|Wise (or Foolish, or Mad) Men of Gotham|
Gotham is a real city in Nottinghamshire, England, but it has become known as the site of the folktales about the wise men of Gotham. Also known as the foolish men of Gotham or even the madmen of Gotham, they sometimes seem more wise than foolish.
According to a story from the late twelfth century, the people of Gotham heard that King John was going to visit them. They did not want him there, as he and his retinue and retainers would be far too expensive a group of visitors for their town.
So they deliberately started acting in foolish or even wildly insane ways. They did stunts, such as trying to drown a fish or cage a bird (fittingly enough, a cuckoo) by joining hands.
King John heard of this behavior and decided to stay elsewhere. The villagers were said to have remarked, presumably smirking as they did so, that more fools passed through Gotham than remained in it. There is no historical evidence to prove this story.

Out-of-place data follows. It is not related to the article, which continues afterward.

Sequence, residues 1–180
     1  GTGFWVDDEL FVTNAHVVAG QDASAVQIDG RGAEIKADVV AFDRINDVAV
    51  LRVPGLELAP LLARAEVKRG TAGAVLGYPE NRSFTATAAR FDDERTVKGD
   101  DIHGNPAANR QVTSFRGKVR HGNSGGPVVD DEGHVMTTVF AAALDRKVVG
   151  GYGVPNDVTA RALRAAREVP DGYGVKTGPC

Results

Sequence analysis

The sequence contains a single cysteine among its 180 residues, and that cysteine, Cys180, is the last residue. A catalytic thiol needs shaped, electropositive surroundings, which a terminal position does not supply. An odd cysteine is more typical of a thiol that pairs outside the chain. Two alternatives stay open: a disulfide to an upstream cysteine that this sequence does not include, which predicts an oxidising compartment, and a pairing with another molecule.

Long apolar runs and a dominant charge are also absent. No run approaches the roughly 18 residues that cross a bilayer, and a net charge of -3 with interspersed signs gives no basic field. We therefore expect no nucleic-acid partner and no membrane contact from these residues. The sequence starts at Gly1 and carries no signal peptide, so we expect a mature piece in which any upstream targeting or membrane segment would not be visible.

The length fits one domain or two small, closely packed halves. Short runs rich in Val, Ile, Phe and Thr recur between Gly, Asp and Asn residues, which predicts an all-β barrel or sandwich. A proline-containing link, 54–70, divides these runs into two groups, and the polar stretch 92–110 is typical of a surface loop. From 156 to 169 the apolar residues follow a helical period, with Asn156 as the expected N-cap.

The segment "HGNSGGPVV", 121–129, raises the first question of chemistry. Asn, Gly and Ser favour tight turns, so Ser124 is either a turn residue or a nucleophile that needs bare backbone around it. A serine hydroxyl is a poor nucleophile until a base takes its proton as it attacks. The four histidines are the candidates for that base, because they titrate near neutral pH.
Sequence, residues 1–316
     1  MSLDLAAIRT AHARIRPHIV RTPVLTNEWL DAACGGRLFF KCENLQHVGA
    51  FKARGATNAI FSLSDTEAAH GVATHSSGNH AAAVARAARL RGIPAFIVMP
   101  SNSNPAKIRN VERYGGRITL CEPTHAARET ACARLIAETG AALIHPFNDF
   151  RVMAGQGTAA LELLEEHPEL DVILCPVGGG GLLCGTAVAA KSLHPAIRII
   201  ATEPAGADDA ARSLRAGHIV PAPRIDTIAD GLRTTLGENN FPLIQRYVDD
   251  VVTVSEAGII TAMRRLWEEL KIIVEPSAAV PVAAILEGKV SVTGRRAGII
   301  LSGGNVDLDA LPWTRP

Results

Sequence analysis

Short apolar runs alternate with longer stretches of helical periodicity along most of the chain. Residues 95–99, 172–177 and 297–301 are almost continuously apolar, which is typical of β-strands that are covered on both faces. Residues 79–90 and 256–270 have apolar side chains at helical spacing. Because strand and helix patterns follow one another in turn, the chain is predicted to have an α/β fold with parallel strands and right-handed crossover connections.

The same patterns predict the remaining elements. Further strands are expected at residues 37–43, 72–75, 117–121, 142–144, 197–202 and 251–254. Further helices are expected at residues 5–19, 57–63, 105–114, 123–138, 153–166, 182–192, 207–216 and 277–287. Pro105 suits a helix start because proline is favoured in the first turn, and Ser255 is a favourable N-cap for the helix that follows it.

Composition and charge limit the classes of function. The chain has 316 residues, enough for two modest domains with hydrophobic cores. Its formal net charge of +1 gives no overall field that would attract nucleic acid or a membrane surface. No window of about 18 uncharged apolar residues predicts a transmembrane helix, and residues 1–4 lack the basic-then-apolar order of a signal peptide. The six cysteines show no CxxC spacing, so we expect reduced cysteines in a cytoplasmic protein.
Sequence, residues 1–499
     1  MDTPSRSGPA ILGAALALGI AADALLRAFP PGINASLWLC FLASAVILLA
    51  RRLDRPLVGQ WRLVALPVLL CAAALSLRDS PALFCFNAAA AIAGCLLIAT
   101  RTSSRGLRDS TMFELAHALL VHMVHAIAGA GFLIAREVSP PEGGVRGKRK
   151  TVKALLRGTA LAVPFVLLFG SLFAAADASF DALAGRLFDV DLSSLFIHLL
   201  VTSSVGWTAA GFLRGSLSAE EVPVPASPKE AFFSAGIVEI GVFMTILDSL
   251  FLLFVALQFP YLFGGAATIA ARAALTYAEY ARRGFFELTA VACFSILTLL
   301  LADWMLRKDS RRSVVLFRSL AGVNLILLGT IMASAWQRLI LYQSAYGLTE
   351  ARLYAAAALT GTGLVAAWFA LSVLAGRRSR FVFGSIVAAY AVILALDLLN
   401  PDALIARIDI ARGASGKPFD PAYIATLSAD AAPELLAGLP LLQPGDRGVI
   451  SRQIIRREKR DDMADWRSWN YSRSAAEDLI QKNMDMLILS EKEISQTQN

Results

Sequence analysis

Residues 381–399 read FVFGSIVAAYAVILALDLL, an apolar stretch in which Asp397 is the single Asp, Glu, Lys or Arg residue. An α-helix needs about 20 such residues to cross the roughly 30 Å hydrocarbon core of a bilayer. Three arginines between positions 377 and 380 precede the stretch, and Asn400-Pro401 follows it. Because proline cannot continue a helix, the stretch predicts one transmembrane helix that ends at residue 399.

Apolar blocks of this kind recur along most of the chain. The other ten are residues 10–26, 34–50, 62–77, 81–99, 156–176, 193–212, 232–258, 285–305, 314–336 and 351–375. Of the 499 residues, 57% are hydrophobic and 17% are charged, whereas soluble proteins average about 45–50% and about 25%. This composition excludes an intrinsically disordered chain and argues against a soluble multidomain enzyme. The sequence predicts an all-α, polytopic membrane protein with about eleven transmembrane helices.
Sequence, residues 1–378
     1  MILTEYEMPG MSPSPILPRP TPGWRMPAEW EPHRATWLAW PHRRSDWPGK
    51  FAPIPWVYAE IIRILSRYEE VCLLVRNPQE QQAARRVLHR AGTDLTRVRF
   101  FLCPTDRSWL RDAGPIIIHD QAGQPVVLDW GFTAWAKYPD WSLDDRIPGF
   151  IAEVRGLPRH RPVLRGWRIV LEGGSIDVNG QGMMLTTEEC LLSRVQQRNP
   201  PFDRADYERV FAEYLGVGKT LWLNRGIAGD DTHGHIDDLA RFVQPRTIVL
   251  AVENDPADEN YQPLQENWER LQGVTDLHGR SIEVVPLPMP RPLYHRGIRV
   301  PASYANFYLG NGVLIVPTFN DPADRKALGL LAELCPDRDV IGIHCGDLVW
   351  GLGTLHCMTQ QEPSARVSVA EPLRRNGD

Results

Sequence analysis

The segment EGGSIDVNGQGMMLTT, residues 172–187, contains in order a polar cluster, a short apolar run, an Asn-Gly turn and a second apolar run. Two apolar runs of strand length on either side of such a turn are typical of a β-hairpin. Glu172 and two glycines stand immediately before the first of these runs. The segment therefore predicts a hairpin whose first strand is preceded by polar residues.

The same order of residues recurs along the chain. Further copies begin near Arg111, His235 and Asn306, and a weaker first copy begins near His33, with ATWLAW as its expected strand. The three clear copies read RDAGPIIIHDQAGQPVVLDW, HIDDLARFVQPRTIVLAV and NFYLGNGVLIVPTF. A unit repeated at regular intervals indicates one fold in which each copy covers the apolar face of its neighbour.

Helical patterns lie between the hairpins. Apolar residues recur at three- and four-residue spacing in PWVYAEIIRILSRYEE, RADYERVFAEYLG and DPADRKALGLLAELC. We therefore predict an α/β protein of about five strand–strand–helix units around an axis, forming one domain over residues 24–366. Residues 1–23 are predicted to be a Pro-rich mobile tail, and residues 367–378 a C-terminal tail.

In 1540, a collection of twenty tales of Gotham was published. A number of towns claim to be the village of origin. A town in Sussex, as well as almost fifty other villages in England and Wales, maintain that the silly tales belong to them. Even Mother Goose stepped into the fray:
Three wise men of Gotham went to sea
in a bowl.
If the bowl had been stronger,
My song had been longer.
In 1807, the American author Washington Irving dubbed New York City "Gotham", since he considered it a city of fools. The name stuck. For instance, the comic book character Batman, the caped crusader and avenger, lives in none other than Gotham City.